Septic shock is an urgent clinical condition that requires immediate medical attention. Early, rapid resolution of hypotension is one of the key tenets in preventing deleterious outcomes such as organ failure and mortality.¹ Studies have shown that earlier resuscitation can lead to reversal of hypotension and shock,2,3,4 which can result in shorter stays in the ICU, fewer mechanical ventilations, and fewer in-hospital mortalities.5 One such study found that patients with IV fluid resuscitation initiated within 30 minutes of severe sepsis or septic shock identification had a lower mortality (13% receiving ≤30-minute fluid intervention vs 18.3% receiving >30-minute fluid intervention) and a significantly shorter hospital length of stay compared with patients who were resuscitated beyond 30 minutes.3 Another study demonstrated that fluid initiation in less than 30 minutes was associated with reduced need for mechanical ventilation, significantly lower hospital mortality, ICU admission, length of stay, and ICU days.6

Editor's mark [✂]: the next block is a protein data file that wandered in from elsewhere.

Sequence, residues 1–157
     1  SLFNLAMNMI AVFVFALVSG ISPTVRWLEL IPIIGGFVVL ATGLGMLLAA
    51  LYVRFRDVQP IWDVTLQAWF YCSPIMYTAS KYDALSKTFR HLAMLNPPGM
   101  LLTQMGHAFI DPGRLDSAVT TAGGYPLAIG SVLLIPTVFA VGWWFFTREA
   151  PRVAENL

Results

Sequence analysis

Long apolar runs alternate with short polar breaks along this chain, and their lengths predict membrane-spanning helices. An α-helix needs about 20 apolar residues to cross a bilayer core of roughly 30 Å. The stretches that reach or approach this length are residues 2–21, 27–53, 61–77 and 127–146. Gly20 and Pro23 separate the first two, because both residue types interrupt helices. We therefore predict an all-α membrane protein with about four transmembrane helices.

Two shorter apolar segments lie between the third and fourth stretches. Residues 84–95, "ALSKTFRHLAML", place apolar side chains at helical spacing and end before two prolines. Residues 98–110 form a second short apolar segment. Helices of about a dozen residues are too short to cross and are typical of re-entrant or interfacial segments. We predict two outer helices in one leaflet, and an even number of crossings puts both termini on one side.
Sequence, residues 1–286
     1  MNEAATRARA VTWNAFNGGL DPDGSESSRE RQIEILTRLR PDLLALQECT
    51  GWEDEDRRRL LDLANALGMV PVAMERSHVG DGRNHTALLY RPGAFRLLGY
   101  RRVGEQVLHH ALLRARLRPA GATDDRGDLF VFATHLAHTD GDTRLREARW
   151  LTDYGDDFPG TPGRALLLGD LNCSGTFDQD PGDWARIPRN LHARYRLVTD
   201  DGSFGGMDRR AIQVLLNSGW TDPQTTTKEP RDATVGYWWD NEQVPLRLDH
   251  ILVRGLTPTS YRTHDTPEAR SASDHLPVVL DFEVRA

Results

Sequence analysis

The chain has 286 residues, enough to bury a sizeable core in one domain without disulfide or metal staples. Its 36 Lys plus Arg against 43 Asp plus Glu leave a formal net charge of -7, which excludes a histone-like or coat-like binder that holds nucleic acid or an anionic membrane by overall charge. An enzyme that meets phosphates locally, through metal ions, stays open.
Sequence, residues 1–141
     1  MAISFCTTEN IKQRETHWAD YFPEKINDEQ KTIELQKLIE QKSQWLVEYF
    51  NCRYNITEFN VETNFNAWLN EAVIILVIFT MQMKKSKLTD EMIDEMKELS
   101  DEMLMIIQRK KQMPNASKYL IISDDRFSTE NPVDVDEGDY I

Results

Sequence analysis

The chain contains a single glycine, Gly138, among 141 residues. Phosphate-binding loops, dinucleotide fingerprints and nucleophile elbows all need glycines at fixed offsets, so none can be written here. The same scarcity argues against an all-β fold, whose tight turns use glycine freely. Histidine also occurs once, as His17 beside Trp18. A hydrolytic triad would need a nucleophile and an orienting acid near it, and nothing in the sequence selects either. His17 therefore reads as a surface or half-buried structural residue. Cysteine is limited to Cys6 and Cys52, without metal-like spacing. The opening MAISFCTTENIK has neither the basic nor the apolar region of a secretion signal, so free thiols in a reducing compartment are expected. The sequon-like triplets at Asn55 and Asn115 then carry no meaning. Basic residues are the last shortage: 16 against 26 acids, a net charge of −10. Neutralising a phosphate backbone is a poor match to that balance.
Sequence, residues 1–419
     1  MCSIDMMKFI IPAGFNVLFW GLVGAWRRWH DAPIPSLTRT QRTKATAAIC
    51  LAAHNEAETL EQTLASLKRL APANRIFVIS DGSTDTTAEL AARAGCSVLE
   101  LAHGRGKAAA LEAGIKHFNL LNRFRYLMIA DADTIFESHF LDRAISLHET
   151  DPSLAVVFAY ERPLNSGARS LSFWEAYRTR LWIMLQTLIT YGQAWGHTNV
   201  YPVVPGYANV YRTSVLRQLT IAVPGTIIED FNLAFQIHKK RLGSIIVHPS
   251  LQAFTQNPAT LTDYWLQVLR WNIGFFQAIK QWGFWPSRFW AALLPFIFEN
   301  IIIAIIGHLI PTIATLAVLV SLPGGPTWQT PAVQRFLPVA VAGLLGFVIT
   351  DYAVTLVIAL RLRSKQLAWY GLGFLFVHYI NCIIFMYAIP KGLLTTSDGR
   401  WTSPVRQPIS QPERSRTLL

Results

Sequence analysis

These data provide strong evidence for early fluid resuscitation. However, providers are often unable to achieve fluid delivery guidelines using current techniques.5 Current methods of fluid resuscitation (gravity infusion, IV infusion pumps, mechanical rapid infusers, manual syringes, and pressure bags) have limitations. It can take 20 or more minutes to deliver 1L IV fluid bolus with a pressure bag, and flow rates are highly dependent on both catheter size and user re-inflation of the bag. Moreover, there are numerous reports of air embolisms associated with pressure bag use.7,8,9 When utilized, the push-pull method is labor-intensive10 and may increase the risk of contamination through non-sterile syringe contact.11 These complexities often result in a limited ability to successfully administer early fluids, hence increasing the potential for complications and thus, higher treatment costs.